Wednesday, October 27, 2010


I am still upgrading my equipment tables along the lines of my next to last post, and in the process I've unexpectedly stumbled upon an interesting concept, having to do with this table:

The purpose of the table is to allow players to pick and choose from the various features, and thus design their homes or castles, increasing the thickness of walls as necessary and so on.  But the purchasing table allows for something I'd never remotely considered before.

Note, if you will, that the Purchasing side indicates what the local town (according the principles I described in the earlier post) is interested in buying.  And note that the products in this case are not things that are easily carried.  For example, the town is looking to buy 4 sections of roadway, 30' long and 10' wide.  The town is willing to pay 155 g.p.

In other words, the town needs a road to be built - or possibly rebuilt - and at present there's no one in town who's able to build it.  See?  The selling side indicates clearly that no road-building can be bought.

Oho!  All that is needed is a capable, willing party - including one that's a mason - to spend some time laying out the necessary road and earn for themselves 620 g.p.  Not only that, but apparently the town is looking for a plasterer, some wallbuilding and even a sculptor to do a little work on a freize (obviously, for 5 g.p., they're not looking for a high-quality artist).

Now, I'm not suggesting that ANY party has the slightest interest in this sort of contract work, but hold on a moment.  Just where exactly is this road that needs building?  Is it critical?  Would it encourage them to see the party as one of their own?  Or is it possible the road wanted it between a local high mucky-muck's house and the county throughfare?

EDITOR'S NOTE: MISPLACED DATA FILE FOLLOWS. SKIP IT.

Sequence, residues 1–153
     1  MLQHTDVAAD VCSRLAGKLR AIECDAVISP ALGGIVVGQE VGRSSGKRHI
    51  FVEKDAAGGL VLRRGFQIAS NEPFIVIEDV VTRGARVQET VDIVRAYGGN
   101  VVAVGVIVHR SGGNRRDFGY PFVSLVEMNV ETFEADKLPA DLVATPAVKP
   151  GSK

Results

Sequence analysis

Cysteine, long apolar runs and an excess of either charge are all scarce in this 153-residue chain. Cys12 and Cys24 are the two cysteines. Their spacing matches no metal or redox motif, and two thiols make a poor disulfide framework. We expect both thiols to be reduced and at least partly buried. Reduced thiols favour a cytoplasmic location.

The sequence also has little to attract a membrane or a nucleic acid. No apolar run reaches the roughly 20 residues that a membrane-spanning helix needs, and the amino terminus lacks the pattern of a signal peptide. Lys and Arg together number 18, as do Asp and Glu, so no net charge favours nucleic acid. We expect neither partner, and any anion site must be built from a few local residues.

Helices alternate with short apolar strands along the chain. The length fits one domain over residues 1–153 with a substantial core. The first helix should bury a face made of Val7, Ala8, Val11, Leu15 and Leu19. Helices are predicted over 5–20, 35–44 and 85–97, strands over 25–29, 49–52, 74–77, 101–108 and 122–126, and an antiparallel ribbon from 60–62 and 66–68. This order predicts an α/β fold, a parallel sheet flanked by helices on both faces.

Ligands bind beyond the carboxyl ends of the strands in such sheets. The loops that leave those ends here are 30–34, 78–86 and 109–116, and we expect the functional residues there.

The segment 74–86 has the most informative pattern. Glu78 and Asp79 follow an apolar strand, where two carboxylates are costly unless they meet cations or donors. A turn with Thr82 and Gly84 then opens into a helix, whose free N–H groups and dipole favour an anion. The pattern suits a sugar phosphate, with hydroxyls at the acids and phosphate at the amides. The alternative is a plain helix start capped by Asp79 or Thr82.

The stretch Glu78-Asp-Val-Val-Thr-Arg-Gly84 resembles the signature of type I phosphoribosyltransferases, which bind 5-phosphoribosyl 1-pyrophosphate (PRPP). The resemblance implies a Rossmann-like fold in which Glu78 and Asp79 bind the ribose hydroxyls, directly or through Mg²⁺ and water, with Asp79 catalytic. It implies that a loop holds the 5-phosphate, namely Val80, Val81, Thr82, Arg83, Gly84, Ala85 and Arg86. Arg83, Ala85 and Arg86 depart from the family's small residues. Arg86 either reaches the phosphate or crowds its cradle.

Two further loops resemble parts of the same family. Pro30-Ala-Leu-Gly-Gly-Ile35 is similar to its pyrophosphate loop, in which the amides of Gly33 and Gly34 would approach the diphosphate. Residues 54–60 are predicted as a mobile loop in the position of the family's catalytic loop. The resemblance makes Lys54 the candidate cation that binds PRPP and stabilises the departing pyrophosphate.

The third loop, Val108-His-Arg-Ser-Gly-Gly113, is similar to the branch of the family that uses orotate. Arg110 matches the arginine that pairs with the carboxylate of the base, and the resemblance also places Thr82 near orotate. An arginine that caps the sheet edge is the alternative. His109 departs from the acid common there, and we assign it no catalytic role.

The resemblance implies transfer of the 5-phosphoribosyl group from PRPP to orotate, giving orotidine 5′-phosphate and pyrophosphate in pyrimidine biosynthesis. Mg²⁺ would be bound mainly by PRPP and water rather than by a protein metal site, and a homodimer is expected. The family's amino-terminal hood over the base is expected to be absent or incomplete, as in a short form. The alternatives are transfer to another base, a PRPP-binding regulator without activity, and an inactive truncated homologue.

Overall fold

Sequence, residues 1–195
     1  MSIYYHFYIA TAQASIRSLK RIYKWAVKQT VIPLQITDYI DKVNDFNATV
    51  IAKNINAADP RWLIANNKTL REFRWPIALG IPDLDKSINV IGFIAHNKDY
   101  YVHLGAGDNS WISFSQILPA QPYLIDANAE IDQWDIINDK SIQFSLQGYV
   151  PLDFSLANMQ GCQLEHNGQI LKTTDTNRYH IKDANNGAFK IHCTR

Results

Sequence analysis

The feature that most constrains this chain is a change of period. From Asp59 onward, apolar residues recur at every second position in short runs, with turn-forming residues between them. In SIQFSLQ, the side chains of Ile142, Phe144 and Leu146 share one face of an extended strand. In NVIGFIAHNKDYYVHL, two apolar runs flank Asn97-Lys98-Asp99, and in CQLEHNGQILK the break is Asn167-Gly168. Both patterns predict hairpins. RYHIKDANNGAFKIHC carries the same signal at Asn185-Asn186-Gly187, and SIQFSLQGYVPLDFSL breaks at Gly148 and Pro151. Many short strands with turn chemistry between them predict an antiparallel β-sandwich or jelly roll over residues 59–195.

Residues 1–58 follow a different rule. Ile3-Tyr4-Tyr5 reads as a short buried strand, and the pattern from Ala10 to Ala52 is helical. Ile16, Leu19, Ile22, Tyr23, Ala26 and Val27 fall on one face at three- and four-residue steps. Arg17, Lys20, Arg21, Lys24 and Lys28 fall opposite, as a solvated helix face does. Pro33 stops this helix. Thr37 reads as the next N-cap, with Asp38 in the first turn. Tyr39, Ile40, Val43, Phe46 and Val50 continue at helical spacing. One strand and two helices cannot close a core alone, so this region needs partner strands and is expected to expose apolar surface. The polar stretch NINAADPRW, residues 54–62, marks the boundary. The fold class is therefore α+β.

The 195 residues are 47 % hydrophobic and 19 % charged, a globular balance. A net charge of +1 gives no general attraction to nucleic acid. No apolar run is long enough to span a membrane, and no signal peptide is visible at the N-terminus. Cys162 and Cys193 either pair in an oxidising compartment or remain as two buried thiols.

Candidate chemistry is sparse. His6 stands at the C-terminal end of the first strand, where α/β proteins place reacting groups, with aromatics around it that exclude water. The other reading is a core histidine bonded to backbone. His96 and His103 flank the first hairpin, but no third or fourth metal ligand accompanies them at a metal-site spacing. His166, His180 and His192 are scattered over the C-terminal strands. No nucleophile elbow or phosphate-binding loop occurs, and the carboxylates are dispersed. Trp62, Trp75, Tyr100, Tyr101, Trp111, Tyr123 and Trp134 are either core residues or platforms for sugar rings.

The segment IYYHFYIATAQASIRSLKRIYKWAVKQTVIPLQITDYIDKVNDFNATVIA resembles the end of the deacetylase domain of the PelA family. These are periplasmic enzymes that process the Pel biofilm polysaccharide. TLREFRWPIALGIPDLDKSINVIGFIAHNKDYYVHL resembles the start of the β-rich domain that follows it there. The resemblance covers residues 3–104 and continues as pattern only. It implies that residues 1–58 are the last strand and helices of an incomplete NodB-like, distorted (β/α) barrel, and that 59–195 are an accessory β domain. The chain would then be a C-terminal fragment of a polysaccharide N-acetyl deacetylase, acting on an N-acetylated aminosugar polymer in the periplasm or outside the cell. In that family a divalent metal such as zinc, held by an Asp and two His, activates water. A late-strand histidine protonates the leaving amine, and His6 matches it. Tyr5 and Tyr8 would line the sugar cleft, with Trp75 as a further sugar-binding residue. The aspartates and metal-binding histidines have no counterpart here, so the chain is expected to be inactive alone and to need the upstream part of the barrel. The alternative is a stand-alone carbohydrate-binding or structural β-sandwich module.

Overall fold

Laughable it may be, but for a low-level party I see this table as an opportunity for connecting a player to the local area and a way to make some coin on the side without having to take someone down in an alley.

For a high level, I see it has the kernal of a longer, larger table, with many more objects added (a bridge, a tunnel, a wharf?), providing the basis for the Lord's followers to earn a steady income.  No, the player might rather adventure, but how about it if the secondaries spent the intervening summer rebuilding part of the city walls, or steadily laying a road to the next town?

Something I never intended, or thought about ... but here's the basis for calculating what it would pay.  And not for just in Masonry either, but for foodstuffs, mining, trapping, animal husbandry ... everything, in fact, because that's what my equipment table is meant to cover.  Everything.

No wonder I fuck around with these things.


Anonymous said...

Wow! That is a very nice lead for low-level or low-risk hooks. No wonder at all that you mess with such things. :-)

I'd love to hack those spreadsheets for my Khara Thel.

Wickedmurph said...

While I love the idea of creating a living, dynamic world for my PC's to inhabit, I feel that role-playing general contractors and road-builders is incredibly sucky.

I do like the idea of being able to quickly tell how much income they can get from the mine that they seized from the kobolds, though.

Roger the GS said...

I see where this is leading ... Dwarf Fortress, the RPG.